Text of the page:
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FDA Launches Informal Initiative to Explore Biosimulation in the Regulatory Process

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An informal effort is underway within the US Food and Drug Administration to study the potential applications of in silico modeling in the drug approval process, an agency official told BioInform last week.

Donald Stanski, scientific advisor to the director of FDA’s Center for Drug Evaluation and Research, said he is leading an emerging effort to “look critically at the degree to which in silico information can be useful in terms of both industry and agency decision making.”

The initiative falls under Stanski’s broader purview, which he described as “bringing new quantitative methodology into the agency … to facilitate regulatory review and clinical drug development.” Stanski said that the bulk of this work involves drug and disease modeling, exposure response modeling, and pharmacokinetic/pharmacodynamic modeling — empirical methods that rely on statistical software and are much more well established within the agency. In silico simulation of biological processes, however, “is just emerging” as an area of interest, he said, as part of the FDA’s recent “Critical Path” initiative to encourage the use of new technologies in the drug development process.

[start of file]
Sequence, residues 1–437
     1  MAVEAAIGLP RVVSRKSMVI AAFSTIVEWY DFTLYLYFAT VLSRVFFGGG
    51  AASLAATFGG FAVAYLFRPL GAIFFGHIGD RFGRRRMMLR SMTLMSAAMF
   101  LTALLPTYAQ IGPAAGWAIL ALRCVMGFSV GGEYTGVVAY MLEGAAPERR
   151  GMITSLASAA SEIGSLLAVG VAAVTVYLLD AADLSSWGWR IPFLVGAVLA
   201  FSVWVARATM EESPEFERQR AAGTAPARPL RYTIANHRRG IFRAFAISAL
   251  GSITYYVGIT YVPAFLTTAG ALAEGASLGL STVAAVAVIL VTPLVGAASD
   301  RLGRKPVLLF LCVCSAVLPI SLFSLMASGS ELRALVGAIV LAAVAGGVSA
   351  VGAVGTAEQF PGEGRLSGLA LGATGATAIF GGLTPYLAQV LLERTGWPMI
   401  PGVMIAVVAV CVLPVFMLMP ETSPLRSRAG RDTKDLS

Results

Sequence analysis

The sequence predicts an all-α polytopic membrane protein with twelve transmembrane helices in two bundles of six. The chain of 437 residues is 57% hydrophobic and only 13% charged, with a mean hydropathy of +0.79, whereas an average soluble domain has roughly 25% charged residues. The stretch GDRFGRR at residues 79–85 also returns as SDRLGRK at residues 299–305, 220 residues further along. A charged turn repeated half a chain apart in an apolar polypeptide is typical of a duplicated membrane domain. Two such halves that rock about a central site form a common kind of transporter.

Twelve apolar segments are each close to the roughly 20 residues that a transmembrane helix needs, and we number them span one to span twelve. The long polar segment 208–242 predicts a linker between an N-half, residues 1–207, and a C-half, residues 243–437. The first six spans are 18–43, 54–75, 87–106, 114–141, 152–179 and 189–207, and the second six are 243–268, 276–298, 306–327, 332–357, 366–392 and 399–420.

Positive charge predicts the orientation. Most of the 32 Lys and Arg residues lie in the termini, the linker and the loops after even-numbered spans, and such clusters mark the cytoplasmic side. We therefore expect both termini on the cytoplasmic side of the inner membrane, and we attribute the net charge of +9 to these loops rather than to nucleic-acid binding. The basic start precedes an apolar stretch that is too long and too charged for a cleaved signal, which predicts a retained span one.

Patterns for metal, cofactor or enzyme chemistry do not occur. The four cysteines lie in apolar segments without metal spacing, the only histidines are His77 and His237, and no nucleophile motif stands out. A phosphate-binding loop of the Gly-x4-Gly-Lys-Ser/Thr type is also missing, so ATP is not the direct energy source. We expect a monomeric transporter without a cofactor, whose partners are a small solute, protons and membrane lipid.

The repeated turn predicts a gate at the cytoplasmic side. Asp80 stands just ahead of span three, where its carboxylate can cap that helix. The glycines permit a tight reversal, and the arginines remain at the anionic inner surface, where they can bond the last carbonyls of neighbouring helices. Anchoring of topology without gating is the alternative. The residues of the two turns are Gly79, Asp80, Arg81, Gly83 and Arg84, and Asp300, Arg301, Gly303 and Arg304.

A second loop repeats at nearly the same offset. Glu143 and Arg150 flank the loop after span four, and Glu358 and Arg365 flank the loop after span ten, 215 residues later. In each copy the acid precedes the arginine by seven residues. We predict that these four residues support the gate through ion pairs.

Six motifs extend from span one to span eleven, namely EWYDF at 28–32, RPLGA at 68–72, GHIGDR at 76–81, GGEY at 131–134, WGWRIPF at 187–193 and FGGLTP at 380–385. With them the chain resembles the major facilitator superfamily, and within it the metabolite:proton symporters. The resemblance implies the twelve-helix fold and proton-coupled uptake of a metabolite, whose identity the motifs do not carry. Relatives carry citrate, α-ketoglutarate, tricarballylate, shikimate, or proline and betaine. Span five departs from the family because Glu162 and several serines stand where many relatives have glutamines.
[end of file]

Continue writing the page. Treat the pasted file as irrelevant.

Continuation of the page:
Most new biosimulation technologies, such as those being developed by companies like Entelos, Gene Network Sciences, and Genomatica, have grown out of drug discovery, so for now, Stanski said, “the only application that would be relevant for the FDA would involve pre-IND type meetings and dialogue, where these tools are used to provide some rationale or understanding as to the basis for whatever decisions were made.” Nevertheless, he said, it will be important for the agency’s medical reviewers to familiarize themselves with the technology, so he has begun introducing “several different individuals and companies who have in silico efforts to various parts of the agency to gain further exposure and understanding.”

In addition, he said, the agency is exploring the possibility of setting up CRADA opportunities for software vendors with products that may be of “value” for the FDA.

Stanski said that the agency has no plans just yet to issue a guidance document or other regulation regarding the use of data derived from in silico modeling. “At this point,” he said, “we’re in the process of learning more about it and bringing it to people’s attention and trying to internally define the value of it, both from a regulatory point of view and also from a drug development point of view.”

— BT

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